5 of the Best Books on Copywriting (That Will Help You Become an Expert, Too)

This list breaks down 5 of the best books on copywriting. Get ready to learn how to scale up your writing game with help from the experts.

Great copywriting is a lot like going on a first date. The purpose (if you believe the person on the other side might be a good fit) is to get that person intrigued enough to take some sort of action. That could be asking for a second date, leaning in for that first kiss, or — in the case of business marketing — becoming a loyal customer. 

However, learning how to write compelling copy that takes things to the next level for your prospects is hard! It takes research, practice, and quite a bit of trial and error. 

You might be wondering, is studying the art of copywriting really worth it?

Statistics show that it is. 

Whether you’re selling a car, a software solution or a jar of pickles, great copy can increase your website traffic by 50%, and your conversion rates by up to 110%! And with data like that, it’s hard to ignore the fact that if you’re running or marketing a business, you should be interested (to say the least!) in learning how to write great copy.

Where do you start? Well, right here!

One of the best ways to improve your copywriting skills is to learn from copywriting experts. In this article, we’ve outlined 5 of the best books on copywriting and content marketing so you hone your skills, start driving sales, and live happily ever after with all your new customers. 

For each of the books we’ve chosen below, we’ll outline:

  • Which area of copywriting each book focuses on
  • Who would benefit the most from reading it
  • And our overall Scribly rating out of 5 

Let’s jump in! 

Our top 5 picks for the best books on copywriting:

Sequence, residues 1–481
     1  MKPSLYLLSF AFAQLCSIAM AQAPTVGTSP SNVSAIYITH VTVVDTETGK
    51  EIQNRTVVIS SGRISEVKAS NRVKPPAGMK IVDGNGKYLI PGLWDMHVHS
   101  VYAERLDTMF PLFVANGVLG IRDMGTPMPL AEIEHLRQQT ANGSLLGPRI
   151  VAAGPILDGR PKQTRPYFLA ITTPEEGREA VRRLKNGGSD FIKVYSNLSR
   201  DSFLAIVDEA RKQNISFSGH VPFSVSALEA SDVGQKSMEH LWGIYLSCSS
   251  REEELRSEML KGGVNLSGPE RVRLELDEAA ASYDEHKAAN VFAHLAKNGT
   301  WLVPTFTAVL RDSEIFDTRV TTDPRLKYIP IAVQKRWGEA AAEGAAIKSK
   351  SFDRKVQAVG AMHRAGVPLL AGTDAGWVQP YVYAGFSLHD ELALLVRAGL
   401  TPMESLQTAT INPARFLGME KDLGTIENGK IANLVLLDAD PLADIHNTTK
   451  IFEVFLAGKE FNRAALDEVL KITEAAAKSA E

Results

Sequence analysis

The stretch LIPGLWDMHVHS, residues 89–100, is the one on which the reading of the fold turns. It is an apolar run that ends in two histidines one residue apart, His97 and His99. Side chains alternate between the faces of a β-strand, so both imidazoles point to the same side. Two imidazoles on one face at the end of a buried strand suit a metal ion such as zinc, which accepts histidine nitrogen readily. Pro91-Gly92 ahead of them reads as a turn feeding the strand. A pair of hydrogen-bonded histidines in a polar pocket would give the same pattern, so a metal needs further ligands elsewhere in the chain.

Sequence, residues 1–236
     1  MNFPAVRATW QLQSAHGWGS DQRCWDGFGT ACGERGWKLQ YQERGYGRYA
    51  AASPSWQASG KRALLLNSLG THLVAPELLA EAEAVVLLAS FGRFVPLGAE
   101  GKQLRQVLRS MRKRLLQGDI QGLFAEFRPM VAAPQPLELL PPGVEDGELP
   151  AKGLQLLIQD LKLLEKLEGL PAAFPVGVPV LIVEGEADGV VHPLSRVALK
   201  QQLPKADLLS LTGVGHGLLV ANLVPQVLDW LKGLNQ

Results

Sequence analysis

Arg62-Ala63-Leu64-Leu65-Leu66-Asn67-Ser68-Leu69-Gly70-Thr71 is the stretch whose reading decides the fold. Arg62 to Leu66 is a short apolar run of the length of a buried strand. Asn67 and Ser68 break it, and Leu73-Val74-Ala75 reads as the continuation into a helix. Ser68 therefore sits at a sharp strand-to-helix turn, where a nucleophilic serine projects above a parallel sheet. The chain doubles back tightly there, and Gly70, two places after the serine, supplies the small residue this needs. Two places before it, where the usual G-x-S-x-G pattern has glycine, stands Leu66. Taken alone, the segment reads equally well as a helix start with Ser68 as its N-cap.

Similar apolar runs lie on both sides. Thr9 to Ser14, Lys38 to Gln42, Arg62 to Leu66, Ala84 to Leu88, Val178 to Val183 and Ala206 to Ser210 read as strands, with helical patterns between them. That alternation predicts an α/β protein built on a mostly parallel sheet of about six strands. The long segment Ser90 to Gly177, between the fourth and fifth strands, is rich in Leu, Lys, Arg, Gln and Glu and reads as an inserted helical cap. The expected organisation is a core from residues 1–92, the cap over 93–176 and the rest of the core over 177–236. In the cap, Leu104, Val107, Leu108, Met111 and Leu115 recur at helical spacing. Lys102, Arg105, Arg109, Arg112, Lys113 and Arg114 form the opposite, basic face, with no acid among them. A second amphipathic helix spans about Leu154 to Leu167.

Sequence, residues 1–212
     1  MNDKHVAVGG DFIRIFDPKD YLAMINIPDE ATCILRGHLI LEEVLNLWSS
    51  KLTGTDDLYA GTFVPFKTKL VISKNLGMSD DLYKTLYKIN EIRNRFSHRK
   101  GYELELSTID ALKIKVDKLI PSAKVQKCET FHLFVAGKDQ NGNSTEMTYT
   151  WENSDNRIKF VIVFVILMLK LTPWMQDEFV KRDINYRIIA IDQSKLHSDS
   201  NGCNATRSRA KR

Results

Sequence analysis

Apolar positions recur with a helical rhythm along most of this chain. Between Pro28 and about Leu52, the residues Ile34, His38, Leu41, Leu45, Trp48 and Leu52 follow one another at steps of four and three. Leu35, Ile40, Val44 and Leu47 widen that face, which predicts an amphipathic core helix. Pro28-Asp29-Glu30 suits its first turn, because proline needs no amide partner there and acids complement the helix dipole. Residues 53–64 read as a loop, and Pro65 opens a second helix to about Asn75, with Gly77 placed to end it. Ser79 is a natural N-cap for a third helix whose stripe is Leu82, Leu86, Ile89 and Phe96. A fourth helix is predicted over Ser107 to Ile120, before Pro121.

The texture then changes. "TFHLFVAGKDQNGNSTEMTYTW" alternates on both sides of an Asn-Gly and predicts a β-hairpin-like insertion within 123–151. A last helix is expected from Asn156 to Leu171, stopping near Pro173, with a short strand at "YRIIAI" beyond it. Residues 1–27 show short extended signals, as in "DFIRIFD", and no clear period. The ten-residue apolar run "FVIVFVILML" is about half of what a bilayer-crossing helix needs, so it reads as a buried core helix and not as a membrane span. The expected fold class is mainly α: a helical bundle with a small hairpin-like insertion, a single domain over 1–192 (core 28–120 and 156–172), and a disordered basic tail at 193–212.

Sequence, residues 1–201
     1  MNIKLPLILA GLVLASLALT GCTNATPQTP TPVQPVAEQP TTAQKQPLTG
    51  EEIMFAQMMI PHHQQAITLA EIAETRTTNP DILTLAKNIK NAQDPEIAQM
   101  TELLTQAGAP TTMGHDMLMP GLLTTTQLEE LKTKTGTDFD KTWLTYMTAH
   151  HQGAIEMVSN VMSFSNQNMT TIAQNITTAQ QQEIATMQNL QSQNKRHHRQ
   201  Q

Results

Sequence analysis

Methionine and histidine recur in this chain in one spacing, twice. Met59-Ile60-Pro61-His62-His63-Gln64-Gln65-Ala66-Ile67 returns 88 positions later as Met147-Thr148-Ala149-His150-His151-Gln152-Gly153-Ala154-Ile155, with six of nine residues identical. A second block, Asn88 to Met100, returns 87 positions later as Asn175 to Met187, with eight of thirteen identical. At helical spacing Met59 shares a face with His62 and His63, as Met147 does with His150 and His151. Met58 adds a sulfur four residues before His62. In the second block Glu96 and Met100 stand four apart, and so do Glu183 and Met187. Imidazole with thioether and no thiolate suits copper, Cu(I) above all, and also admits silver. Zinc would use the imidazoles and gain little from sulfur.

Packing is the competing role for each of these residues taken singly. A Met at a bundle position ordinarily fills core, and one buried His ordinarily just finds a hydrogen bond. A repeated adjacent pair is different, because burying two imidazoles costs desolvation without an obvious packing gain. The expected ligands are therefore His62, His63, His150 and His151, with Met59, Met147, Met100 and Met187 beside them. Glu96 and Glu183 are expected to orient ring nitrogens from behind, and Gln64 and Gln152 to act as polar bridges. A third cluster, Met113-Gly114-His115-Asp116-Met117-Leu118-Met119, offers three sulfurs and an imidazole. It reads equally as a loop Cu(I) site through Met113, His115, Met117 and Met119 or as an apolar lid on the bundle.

1. The Copywriter’s Handbook by Robert W. Bly 

We wanted to highlight The Copywriter’s Handbook first because it’s sort of an all-in-one step-by-step guide for getting started writing great copy. From emails to ads, to website copy and direct mail, this book runs the gamut on how to write copy for a ton of different mediums. 

The author, Robert Bly, is well-known in the copywriting world as a copy genius, so he's the kinda guy you want to listen to about this stuff. 

The Copywriter’s Handbook by Robert W. Bly

What’s the focus?

The book covers how to write copy for a ton of different mediums, but the overall focus is on mastering online copywriting. Bly does, however, touch on direct mail and print advertising. 

Who would benefit from reading it?

Because The Copywriter’s Handbook is such a comprehensive guide, it would be appealing to anyone who writes or edits copy: marketers, creative directors, freelance writers, business owners, executives, brand managers — everyone can learn something useful from this book.

Scribly Rating out of 5 

Since we see this book being a gold mine of information on any area of copywriting, and because it appeals to such a wide audience, we’re going to give it a 5 out of 5.

If you only have time to read one of the books on this list, make it this one.

2. Ogilvy on Advertising by David Ogilvy

If you’ve enjoyed the show Mad Men on AMC, we’d venture to bet you’ll enjoy reading Ogilvy on Advertising. This book is often lovingly referred to as classic or iconic in the copywriting world and has certainly withstood the test of time holding great popularity with today’s copywriters even though it was written and released by David Ogilvy in the early 1980s. 

Ogilvy on Advertising by David Ogilvy

What’s the focus?

Ogilvy on Advertising is (pretty obviously) focused heavily on advertising copy. It focuses specifically on actionable advice and real-life examples of good and bad advertising more than theories or observations. Ogilvy (who is now known as the Godfather of modern advertising) is not shy about sharing some of his own useful failures and lessons learned. 

Who would benefit from reading it?

While the lessons in this book could be applied to general copywriting, we’d suggest it’s best for those who are specifically focused on writing ads  — whether for print or online. So while it’s still a great read for all copywriters, most of the advice in this book is directly applicable to writing advertisements.

Scribly Rating out of 5:

We give Ogilvy on Advertising a 3 out of 5. Some of the language is a bit outdated and because it was written so long ago, it lacks insight on some important aspects of copywriting in the digital age like writing ads for PPC and inbound marketing. Still, it’s a classic, and we love a book that’s chock-full of examples!